Three young Pennsylvania gun owners have filed suit in federal court in Pittsburgh, alleging that the state’s requirement that only those over the age of 21 can obtain a concealed carry license violates their Second and Fourteenth Amendment rights. The suit, brought in conjunction with the Second Amendment Foundation and the Firearms Policy Coalition, is one of several recent court challenges to laws subjecting those between the ages of 18 and 21 to various restrictions.
“We’ve filed this action because the situation in Pennsylvania smacks of discrimination against young adults in the 18- to 20-year age group,” said SAF founder and executive vice president Alan M. Gottlieb.
“Young adults can join the military, where they might be assigned to carry firearms all over the world. They can get married, start businesses, enter into contracts and yet they are not considered mature enough to exercise their Second Amendment right to keep and bear arms. That’s nonsense,” he said.
State police Commissioner Col. Robert Evanchick is the sole defendant in the case, according to the lawsuit.
The lawsuit argues that Pennsylvania state law — which prohibits the carrying of firearms on public streets or property during an emergency declared by a state or municipal executive — is in violation of the Second and Fourteenth amendments.
Pennsylvania allows for open carry (with the exception of Philadelphia), but not during a state of emergency. When an emergency is declared, as the lawsuit argues, only those who possess a valid license to carry can legally bear arms. I was surprised to learn that the state has actually been operating under a declared emergency for two years, which in and of itself seems actionable.
It turns out that Gov. Tom Wolf declared a statewide disaster and emergency based on the rising number of opioid-related overdose deaths back in January of 2018, and the declaration has remained in effect ever since. Wolf also declared an additional disaster emergency in March of this year during his first round of COVID shutdowns, so residents are actually living under two emergencies as defined by the governor.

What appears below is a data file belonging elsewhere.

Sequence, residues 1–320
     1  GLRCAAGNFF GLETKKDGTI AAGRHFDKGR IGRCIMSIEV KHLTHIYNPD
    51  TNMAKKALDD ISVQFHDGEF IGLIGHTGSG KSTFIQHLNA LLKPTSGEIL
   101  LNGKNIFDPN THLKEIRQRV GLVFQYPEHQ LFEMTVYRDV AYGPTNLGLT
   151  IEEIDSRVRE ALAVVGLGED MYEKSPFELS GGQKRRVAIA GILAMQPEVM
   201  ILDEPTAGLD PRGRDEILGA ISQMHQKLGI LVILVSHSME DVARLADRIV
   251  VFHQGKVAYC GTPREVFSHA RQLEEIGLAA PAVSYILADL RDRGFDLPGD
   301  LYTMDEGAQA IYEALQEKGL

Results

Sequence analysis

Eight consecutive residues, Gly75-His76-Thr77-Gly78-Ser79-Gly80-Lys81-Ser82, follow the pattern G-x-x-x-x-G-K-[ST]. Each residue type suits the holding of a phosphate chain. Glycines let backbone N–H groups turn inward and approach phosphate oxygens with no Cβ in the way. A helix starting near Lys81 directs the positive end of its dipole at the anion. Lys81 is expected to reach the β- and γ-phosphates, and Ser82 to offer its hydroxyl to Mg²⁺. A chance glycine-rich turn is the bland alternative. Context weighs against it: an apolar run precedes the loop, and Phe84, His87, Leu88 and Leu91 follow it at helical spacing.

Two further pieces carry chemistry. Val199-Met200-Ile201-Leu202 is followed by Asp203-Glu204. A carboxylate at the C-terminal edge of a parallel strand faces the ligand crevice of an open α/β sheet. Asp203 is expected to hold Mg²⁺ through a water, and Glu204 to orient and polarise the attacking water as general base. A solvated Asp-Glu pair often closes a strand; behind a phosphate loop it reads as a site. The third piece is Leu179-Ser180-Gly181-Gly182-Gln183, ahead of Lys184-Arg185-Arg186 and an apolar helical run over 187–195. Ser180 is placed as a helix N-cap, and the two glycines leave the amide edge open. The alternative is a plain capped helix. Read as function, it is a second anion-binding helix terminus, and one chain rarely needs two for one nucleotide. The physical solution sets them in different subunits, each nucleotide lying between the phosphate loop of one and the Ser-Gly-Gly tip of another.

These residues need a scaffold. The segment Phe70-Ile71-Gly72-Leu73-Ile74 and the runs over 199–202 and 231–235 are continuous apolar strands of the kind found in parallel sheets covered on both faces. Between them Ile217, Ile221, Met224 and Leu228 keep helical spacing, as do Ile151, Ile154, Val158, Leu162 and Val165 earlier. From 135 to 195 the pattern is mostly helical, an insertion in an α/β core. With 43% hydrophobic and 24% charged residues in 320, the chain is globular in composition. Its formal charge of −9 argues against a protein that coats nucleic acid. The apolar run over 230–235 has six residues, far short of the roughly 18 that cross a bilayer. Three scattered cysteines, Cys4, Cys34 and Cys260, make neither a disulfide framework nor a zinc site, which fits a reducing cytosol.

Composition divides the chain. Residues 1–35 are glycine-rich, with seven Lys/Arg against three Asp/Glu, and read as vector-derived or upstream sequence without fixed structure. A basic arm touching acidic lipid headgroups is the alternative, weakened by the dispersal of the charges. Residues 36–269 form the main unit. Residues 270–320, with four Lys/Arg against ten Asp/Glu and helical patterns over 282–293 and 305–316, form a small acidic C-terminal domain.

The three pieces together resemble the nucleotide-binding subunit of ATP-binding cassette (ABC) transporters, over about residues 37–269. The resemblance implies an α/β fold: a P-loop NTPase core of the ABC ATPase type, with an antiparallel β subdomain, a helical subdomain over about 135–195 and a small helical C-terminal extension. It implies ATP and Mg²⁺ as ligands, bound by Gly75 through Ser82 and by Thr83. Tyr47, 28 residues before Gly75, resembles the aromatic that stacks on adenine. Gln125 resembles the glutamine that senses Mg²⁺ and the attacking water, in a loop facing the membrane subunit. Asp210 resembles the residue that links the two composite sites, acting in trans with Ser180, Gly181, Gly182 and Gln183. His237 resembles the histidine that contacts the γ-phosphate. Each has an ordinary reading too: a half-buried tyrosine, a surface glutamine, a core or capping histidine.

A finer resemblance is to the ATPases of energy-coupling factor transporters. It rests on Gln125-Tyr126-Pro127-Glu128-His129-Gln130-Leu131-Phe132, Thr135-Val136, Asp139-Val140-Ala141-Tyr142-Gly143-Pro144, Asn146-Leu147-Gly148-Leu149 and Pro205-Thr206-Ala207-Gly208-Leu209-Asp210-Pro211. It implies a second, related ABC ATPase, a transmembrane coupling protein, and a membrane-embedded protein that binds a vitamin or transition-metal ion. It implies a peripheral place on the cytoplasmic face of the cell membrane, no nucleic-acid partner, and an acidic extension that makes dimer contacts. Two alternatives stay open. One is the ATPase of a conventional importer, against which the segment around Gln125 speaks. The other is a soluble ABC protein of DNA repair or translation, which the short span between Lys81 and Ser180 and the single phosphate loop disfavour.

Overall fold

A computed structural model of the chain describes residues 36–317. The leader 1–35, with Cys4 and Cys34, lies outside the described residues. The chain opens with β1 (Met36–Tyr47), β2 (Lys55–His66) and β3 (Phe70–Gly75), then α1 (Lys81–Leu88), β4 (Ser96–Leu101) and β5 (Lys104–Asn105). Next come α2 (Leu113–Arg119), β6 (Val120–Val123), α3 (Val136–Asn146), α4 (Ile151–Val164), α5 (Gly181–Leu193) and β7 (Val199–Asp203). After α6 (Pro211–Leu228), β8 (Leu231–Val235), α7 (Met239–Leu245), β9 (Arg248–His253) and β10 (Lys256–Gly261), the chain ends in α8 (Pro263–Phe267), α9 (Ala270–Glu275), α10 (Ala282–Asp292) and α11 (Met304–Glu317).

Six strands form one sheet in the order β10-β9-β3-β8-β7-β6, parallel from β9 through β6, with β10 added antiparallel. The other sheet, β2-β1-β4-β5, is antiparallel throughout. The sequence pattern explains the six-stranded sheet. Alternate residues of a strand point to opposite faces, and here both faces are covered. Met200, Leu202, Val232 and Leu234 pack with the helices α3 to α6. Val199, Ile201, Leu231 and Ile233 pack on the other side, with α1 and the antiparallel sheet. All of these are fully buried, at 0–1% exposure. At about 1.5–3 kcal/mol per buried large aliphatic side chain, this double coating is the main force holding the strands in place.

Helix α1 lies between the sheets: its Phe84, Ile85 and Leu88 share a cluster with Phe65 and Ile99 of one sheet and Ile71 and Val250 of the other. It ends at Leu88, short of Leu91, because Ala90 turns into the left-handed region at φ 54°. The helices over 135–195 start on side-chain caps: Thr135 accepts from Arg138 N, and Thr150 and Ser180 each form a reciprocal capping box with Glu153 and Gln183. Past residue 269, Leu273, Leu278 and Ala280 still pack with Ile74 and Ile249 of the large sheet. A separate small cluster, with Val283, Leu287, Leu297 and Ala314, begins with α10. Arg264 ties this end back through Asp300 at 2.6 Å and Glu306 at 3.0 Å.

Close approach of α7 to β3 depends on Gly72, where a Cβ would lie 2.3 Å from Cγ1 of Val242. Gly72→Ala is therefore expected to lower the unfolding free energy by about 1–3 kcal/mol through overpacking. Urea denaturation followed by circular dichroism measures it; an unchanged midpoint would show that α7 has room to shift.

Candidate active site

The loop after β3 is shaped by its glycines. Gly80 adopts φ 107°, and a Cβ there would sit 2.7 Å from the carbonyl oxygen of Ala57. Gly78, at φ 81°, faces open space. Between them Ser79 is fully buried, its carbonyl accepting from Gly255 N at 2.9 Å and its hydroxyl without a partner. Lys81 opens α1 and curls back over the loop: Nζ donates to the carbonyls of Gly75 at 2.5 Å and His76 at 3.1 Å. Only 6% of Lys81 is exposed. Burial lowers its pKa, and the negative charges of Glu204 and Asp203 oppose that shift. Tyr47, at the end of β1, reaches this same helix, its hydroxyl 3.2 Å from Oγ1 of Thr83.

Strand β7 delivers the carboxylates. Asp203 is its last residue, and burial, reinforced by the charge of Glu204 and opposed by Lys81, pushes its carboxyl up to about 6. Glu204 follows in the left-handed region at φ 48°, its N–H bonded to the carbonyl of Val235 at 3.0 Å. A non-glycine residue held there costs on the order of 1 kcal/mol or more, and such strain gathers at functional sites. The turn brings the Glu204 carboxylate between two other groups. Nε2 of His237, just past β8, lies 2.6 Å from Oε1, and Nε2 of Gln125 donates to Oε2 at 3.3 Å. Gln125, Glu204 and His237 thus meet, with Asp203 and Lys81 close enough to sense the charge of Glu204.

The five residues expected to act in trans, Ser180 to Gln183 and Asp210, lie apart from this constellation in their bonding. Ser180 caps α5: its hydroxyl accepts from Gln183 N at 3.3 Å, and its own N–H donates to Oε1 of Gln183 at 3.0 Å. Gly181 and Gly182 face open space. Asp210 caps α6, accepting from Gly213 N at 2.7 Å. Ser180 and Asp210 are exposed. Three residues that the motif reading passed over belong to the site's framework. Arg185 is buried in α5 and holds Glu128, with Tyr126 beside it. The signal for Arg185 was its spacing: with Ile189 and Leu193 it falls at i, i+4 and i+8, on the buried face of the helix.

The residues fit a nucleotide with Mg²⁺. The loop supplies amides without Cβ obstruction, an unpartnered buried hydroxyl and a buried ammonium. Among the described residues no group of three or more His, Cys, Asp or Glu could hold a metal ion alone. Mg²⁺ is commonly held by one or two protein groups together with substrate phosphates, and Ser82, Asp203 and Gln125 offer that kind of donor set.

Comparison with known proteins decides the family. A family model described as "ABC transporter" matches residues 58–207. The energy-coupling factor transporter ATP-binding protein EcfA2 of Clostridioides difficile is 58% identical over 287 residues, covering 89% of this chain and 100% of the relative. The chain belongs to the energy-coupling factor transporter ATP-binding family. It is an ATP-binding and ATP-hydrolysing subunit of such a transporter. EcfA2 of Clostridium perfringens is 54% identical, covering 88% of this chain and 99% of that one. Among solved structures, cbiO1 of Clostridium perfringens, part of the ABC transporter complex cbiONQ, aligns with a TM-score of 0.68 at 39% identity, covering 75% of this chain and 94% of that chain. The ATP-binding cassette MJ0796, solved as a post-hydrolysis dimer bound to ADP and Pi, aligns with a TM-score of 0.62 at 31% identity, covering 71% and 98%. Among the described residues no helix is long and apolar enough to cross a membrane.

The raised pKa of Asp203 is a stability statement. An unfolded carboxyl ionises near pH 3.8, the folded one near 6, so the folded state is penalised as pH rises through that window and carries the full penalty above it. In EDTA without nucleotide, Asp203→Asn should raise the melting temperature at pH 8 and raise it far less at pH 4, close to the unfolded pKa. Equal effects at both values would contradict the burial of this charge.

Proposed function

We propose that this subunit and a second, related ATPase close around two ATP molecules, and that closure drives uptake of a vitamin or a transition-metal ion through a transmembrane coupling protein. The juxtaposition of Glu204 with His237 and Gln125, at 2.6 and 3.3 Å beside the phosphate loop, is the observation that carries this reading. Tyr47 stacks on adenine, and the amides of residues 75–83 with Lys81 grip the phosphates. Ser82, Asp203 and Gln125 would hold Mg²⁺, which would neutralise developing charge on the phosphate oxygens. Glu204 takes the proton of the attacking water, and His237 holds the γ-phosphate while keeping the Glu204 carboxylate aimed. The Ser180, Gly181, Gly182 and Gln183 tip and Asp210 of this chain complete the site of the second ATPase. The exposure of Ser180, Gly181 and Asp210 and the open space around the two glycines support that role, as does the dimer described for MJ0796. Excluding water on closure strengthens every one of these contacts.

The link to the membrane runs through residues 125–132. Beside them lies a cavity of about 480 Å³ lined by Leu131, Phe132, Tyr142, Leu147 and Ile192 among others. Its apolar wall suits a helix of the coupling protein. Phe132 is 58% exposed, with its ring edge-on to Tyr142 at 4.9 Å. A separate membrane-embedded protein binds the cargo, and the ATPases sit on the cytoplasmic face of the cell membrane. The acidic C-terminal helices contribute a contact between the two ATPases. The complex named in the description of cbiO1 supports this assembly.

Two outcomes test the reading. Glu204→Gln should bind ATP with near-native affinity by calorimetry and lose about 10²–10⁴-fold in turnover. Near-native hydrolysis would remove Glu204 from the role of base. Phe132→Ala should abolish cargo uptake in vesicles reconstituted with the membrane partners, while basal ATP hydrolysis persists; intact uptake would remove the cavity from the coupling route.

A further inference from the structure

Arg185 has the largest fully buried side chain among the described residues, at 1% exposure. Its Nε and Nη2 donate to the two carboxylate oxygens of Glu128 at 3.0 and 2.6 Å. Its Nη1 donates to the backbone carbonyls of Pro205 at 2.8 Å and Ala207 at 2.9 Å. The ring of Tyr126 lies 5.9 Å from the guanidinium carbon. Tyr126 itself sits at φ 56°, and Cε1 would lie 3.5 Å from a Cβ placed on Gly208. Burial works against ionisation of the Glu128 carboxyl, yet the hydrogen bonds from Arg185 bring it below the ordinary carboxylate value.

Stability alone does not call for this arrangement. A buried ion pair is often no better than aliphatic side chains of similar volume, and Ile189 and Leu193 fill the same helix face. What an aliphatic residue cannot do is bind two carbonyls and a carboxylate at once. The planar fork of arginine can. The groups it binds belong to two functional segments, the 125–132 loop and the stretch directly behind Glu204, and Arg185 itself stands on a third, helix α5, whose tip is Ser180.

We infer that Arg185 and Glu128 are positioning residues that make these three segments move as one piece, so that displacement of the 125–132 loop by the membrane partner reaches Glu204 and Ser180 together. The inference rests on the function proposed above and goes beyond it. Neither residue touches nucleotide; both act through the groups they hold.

If that’s the case, then openly carrying a firearm isn’t an option for the three named plaintiffs in the lawsuit. Their only option to legally carry a firearm is to get a concealed carry license, which the state has deemed off limits to those under the age of 21. As attorneys Joshua Prince and Adam Kraut argue in their filing,
Throughout American history, arms carrying was a right available to all peaceable citizens. Sometimes, it was even a duty. Moreover, young adults between 18 and 21 were fully protected by the Second Amendment at the time of its ratification. Hundreds of statutes from the colonial and founding eras required 18-to-20-year-olds to keep and bear arms.
Only dangerous persons have historically been deprived of the right to bear arms. Peaceable persons have always been free to carry arms for selfdefense and other lawful purposes. The tradition of disarming violent and dangerous persons was practiced from medieval England through mid-20th century America, but there is no tradition of disarming nonviolent people like Plaintiffs Lara, Knepley, and Miller.
That sounds like a nod to Judge Amy Coney Barrett’s dissent in Kanter vs. Barr, where she talked about “dangerousness” being the proper standard to deny someone their Second Amendment rights, as opposed to a blanket prohibition on the right to keep and bear arms for those convicted of a felony, even a non-violent offense. Considering the strong possibility that Barrett could be a sitting Supreme Court justice when this case eventually makes its way for consideration by the Court, it’s not a bad move to tailor a portion of the argument to appeal to her judicial philosophy.
Both attorneys contend that the issue is that, even though the plaintiffs are young adults, they’re still adults. If any of the three were caught committing a crime with a gun they’d be charged as an adult, but the law doesn’t allow them to legally carry one for self-defense, even though they’re legally allowed to own a handgun.
“The text of the Second Amendment makes clear that the right to bear arms ‘shall not be infringed,’ and nothing in America’s history or tradition supports Pennsylvania’s laws banning carry by young adults,” explained Adam Kraut, FPC’s Director of Legal Strategy and co-counsel for the plaintiffs. “Pennsylvania’s statutory scheme unconstitutionally and impermissibly denies young adults their fundamental, individual right to bear arms outside the home. Through this case, we seek to vindicate our clients’ rights and restore individual liberty for millions of young adults.”
“In outright defiance of the Second Amendment, the State of Pennsylvania and Governor Wolf have restricted the ability of law-abiding young adults to carry and transport arms,” said Joshua Prince, counsel for the plaintiffs. “This prohibition ignores the U.S. Supreme Court’s holding in Heller that the right to keep and bear arms includes the right to carry a firearm ‘upon the person or in the clothing or in a pocket, for the purpose … of being armed and ready for offensive or defensive action in a case of conflict with another person.’ Today, we seek to vindicate the rights of our clients and all young adults.”
The new lawsuit raises some very interesting issues, and I just hope that we don’t have a Supreme Court packed with anti-gun justices by Joe Biden and Kamala Harris when the case finally reaches SCOTUS in a couple of years.